online multiplayer games

VCs see opportunities for gaming infrastructure startups and incumbents

Posted by | Activision Blizzard, Amit Kumar, blockchain, discord, Extra Crunch, flashpoint, Gaming, Gigi Levy-Weiss, Investor Surveys, mobile game, online multiplayer games, overwatch league, Riot Games, Roblox, Startups, TC, Twitch, unity, Venture Capital | No Comments

As the infrastructure for developing games becomes more advanced, studios have turned to buying best-in-class technology from others instead of building everything from scratch (often with inferior quality).

This shift underpinned Unity’s rise as the most popular game engine. The current focus on games as ever-evolving social hubs that can remain popular for a decade requires investment in “live ops” to keep updating the game with new features and experiences, only adding to a game studio’s responsibilities.

There are big movements in gaming right now to make games cross-platform (not just restricted to mobile or PC or one console), incorporate new types of chat (in-game or outside of it) and to automatically remove bullies and bots among other things. Optimizing games’ virtual economies is only getting more complex as trade of virtual goods becomes increasingly popular.

All this means more opportunity for startups (and large incumbents) that provide new tools and platforms to game developers and gamers. To gauge which opportunities are prime for entrepreneurs, I asked four leading early-stage investors who focus on the gaming sector to share their analysis:

  • Sam Englebardt, Galaxy Interactive
  • Gigi Levy Weiss, NFX
  • Amit Kumar, Accel
  • Anton Backman, Play Ventures

Sam Englebardt, Galaxy Interactive

Which areas within gaming infrastructure seem firmly dominated by large incumbents, versus open for new startups to rise up?

I’m always rooting for the startup, but some of the really big and expensive infrastructure challenges seem unlikely to be solved by a startup, especially where the incumbents have a lead in time, money and the personnel they’re throwing at the problem. I’m thinking here, for example, about something like cloud computing, storage solutions, etc.

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Pragma is a back-end toolkit for gaming companies, so game developers can focus on games

Posted by | Advancit Capital, Developer, Facebook, game engine, Gaming, Los Angeles, online multiplayer games, partner, Plaid, player, Pragma, Riot Games, social media platforms, TC, upfront ventures, William Hockey | No Comments

These days, most of the games developed need to be social, multi-platform and extensible, but there are only a few developers with the expertise to bring those toolsets to the profusion of new games that crop up every year.

Well, now those development studios can turn to Pragma, which is building the back-end toolkit for gaming companies so their developers can focus on what they do best — making games.

It’s basically taking a page from the application development playbook where off-the-shelf toolkits can reduce by months the time it takes to get an app into the market, according to Pragma chief executive Eden Chen. In the game industry, a game can stay in beta for years as developers work out the kinks.

In the game world, because of the necessity to build multiplayer, the length to launch a game has gotten way, way, way, way longer. Games are taking five to 10 years to launch out of beta,” Chen said.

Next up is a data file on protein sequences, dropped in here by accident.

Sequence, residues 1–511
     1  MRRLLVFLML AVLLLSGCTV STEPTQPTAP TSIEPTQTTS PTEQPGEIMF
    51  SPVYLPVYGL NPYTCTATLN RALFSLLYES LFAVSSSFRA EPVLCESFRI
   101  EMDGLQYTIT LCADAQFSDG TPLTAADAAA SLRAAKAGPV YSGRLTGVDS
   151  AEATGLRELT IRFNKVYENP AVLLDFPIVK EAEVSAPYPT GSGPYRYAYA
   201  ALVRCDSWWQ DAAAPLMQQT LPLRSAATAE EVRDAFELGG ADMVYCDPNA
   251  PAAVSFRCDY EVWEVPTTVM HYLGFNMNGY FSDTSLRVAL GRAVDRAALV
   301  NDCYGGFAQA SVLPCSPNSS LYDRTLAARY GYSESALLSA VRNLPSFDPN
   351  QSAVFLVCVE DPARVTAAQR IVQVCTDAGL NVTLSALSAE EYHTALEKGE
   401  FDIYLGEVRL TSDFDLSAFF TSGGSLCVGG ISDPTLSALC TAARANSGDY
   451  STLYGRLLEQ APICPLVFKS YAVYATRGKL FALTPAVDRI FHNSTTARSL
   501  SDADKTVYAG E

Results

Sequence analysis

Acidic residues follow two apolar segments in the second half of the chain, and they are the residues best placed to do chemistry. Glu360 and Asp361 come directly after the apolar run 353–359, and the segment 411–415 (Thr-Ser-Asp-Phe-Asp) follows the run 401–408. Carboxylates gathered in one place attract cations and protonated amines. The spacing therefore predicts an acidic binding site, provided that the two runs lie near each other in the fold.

Founded by Chen and former Riot Games engineering lead Chris Cobb, Pragma is offering a “backend as a service,” according to the company, selling a toolkit that includes accounts, player data, lobbies, matchmaking, social systems, telemetry and store fulfillment.

In a way it’s a complement to the front-end game engines from companies like Epic, the creator of Fortnite.

Indeed, Epic had announced plans to create a back-end system for game developers of its own, but Chen sees the benefits of having an independent operator doing the work — not a potential competitor.

Pragma’s investors agreed. The company raised $4.2 million in funding from a clutch of high-quality firms and individual investors, led by the Los Angeles-based Upfront Ventures with participation from Advancit Capital and angel investors Jarl Mohn, president emeritus at NPR and former Riot Games board member; Dan Dinh, founder of TSM; and William Hockey, founder of Plaid. 

“In a world where gaming studios have long used third-party engines to power their front-end development, it makes no sense for the same studios to spend millions of dollars to build their own custom back-end,” said Kevin Zhang, partner at Upfront Ventures and board member at Pragma, in a statement. “This broken system has lasted for so long because creating a reusable, platform-agnostic backend is not just extremely complex but rarely prioritized compared to the game.” 

The gaming industry is a $139 billion behemoth that in some ways lags behind its technologically-savvy peers in creating off-the-shelf tools to speed production. They’re combinations of social media platforms like Facebook and Snap, and big, high-budget movie productions, but lack any tools to simplify the process of development or ensure that persistence, scale and feature complexity don’t lead to downtimes. And downtimes could mean millions in expenses and lost revenues, Pragma said.

“Creating online multiplayer games is increasingly complex and expensive. Studios are hindered by the need to not just create compelling games, but also to build custom server technology to operate their game,” Chris Cobb, the company’s chief technology officer, said in a statement.  

The company currently has one customer on its platform and will launch to an exclusive set of beta users in late 2020.

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